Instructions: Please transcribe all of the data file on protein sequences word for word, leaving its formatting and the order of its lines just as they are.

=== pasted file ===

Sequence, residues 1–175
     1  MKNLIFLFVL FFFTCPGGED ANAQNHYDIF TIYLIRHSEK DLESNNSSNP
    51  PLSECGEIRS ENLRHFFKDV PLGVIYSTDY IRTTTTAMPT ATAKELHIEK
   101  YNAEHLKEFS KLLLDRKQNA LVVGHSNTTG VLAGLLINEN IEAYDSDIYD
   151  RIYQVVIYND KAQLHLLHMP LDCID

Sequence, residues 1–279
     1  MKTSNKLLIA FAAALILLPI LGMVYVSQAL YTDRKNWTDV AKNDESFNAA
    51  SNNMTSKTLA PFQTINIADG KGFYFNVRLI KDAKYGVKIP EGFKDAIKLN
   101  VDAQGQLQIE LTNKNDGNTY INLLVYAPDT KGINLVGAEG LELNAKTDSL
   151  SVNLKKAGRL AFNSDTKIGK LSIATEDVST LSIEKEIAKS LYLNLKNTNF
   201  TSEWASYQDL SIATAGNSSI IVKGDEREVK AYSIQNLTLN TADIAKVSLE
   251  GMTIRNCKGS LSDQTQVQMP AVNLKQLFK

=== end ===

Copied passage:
Sequence, residues 1–175
     1  MKNLIFLFVL FFFTCPGGED ANAQNHYDIF TIYLIRHSEK DLESNNSSNP
    51  PLSECGEIRS ENLRHFFKDV PLGVIYSTDY IRTTTTAMPT ATAKELHIEK
   101  YNAEHLKEFS KLLLDRKQNA LVVGHSNTTG VLAGLLINEN IEAYDSDIYD
   151  RIYQVVIYND KAQLHLLHMP LDCID

Sequence, residues 1–279
     1  MKTSNKLLIA FAAALILLPI LGMVYVSQAL YTDRKNWTDV AKNDESFNAA
    51  SNNMTSKTLA PFQTINIADG KGFYFNVRLI KDAKYGVKIP EGFKDAIKLN
   101  VDAQGQLQIE LTNKNDGNTY INLLVYAPDT KGINLVGAEG LELNAKTDSL
   151  SVNLKKAGRL AFNSDTKIGK LSIATEDVST LSIEKEIAKS LYLNLKNTNF
   201  TSEWASYQDL SIATAGNSSI IVKGDEREVK AYSIQNLTLN TADIAKVSLE
   251  GMTIRNCKGS LSDQTQVQMP AVNLKQLFK